As I wrote in my Windows 8 Consumer Preview articles tsunami last week, Microsoft has hidden a fun power user tasks context menu behind the new Start thumbnail tip in the new OS. To access it, move the mouse cursor into the lower-left corner of the screen--where the Start button used to be--and then, after the Start thumbnail tip appears, right-click. You should see the following menu:
This feature is unique enough that I know I'll be getting emails about it for months to come as more and more users inadvertently right-click on the thumbnail tip and believe they've stumbled onto a previously unknown feature. But there really is a hidden feature of this context menu that even I didn't know about until reader Javier Arroyo contacted me via email. It turns out you can edit this menu in limited ways.
To do so, navigate in Windows Explorer to C:\Users\paul\AppData\Local\Microsoft\Windows\WinX, where you replace "paul" with your actual Windows user name. (Look in C:\Users if you're not sure.) Here, you'll see three folders, Group1, Group2, and Group3.
Were you to expand each of these and view their contents, you'd see the following (in aggregate form):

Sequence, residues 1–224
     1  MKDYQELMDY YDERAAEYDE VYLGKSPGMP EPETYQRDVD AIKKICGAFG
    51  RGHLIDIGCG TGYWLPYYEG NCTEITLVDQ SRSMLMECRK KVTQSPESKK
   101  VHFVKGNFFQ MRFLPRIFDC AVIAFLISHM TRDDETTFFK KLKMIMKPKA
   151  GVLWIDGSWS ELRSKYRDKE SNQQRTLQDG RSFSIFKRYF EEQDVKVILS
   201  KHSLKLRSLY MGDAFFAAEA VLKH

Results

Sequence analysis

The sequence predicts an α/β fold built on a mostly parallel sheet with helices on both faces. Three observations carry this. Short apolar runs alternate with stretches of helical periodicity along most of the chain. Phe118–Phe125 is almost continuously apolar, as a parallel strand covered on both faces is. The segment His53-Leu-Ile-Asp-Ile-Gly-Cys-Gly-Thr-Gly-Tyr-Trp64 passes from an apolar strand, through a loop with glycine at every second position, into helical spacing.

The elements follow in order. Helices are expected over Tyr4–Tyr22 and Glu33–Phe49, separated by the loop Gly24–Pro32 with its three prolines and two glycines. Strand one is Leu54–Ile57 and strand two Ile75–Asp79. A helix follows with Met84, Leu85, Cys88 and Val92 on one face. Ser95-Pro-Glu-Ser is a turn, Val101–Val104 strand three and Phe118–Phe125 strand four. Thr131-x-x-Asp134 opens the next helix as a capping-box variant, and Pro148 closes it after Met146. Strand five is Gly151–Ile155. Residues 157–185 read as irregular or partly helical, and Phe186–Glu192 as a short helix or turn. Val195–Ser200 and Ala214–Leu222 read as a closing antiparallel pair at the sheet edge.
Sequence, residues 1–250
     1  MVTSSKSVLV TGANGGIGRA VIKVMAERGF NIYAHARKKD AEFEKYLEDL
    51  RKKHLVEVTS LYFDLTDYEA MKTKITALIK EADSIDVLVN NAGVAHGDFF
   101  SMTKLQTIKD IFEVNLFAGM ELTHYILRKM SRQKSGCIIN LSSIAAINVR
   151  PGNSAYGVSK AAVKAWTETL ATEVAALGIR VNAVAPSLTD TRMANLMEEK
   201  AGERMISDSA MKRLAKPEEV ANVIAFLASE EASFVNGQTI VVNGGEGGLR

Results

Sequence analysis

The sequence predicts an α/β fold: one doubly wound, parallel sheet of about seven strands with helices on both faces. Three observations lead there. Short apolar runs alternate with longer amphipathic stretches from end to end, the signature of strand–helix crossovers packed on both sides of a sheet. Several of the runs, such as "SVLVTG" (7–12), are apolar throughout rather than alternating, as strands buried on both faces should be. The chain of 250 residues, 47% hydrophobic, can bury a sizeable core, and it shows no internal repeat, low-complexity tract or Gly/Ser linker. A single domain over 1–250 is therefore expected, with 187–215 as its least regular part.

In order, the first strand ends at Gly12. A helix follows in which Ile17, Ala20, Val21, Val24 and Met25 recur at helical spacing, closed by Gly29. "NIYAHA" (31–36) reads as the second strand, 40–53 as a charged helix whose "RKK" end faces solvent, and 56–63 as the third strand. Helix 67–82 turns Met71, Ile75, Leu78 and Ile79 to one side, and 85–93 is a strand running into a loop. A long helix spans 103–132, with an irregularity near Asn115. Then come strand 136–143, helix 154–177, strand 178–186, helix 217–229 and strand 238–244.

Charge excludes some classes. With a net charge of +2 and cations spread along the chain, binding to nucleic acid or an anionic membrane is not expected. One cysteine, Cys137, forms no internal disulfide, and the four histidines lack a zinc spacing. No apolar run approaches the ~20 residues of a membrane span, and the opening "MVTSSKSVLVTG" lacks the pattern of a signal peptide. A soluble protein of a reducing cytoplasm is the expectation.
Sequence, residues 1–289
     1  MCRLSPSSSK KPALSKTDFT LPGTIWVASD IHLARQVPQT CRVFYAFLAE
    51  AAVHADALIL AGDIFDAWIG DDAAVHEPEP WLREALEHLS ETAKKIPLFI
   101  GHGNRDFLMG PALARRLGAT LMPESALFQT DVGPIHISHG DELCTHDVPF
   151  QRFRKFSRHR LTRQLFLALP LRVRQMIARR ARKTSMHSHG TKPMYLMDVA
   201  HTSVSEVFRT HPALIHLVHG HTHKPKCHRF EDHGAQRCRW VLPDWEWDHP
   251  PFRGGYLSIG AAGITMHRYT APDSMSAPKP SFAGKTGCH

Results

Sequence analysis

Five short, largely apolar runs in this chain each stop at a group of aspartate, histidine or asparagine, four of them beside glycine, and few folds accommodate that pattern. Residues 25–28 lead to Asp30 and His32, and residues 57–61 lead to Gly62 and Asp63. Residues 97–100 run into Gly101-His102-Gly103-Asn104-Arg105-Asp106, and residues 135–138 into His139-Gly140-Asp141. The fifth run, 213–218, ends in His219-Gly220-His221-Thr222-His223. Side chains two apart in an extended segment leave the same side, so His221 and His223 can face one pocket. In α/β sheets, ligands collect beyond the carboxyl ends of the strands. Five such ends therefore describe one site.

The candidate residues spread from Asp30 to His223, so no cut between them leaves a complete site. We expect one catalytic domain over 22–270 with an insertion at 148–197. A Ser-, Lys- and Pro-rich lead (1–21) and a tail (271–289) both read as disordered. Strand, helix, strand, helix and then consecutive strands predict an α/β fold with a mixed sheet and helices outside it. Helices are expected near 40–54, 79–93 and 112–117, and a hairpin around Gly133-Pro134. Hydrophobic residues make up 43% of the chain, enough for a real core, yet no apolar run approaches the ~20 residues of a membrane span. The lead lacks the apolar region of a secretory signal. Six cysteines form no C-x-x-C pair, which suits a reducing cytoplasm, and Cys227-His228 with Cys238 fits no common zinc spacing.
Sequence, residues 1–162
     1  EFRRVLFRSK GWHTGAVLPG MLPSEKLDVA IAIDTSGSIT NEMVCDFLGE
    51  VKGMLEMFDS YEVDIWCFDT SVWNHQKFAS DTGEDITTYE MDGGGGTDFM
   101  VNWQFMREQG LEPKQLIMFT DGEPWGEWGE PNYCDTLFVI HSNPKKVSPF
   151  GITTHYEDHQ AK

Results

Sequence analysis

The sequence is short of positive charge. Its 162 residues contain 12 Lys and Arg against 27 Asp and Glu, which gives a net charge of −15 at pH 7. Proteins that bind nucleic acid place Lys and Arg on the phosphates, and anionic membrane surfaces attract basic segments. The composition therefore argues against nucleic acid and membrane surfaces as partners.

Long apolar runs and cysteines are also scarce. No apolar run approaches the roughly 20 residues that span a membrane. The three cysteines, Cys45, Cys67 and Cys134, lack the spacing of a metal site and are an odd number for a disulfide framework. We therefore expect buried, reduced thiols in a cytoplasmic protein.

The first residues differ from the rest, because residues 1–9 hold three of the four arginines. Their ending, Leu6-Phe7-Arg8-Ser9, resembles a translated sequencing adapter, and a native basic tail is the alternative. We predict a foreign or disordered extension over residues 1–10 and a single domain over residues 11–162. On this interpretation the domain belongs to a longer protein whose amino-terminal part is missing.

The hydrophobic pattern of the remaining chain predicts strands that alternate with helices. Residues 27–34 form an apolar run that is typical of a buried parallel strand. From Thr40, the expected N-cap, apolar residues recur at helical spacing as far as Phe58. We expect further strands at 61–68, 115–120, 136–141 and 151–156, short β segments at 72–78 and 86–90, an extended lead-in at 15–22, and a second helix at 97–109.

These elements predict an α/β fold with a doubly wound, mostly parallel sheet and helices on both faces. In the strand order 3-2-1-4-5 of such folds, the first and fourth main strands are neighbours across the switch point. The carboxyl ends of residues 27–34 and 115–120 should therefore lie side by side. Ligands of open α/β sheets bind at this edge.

In other words, the shortcuts contained in these folders map directly to the three groups that are present in the context menu, albeit that they appear in reverse order, with Group 3 at the top and Group 1 at the bottom.
You can edit this menu in a few different ways. But what's missing, I think, is the ability to arbitrarily add any shortcut you want to the list. For example, my attempts at adding an Internet Explorer shortcut failed. But you can do the following:
Remove shortcuts. You can delete any items you don't want, and they will not appear in the context menu anymore.
Add groups. You can also create other folders, which create new groups in the menu. I created a folder called Group 4, for example, and then copied shortcuts from Group 3 into that folder. As you can see, the shortcuts doubled up, with Group 4 at the top.
Note that you must sign out and then in again to see the changes.
I'm curious how this system works and what types of shortcuts will be accepted. Is it really just limited to the pre-set shortcuts? Let me know if you play around with this and find out more about this interesting hidden feature.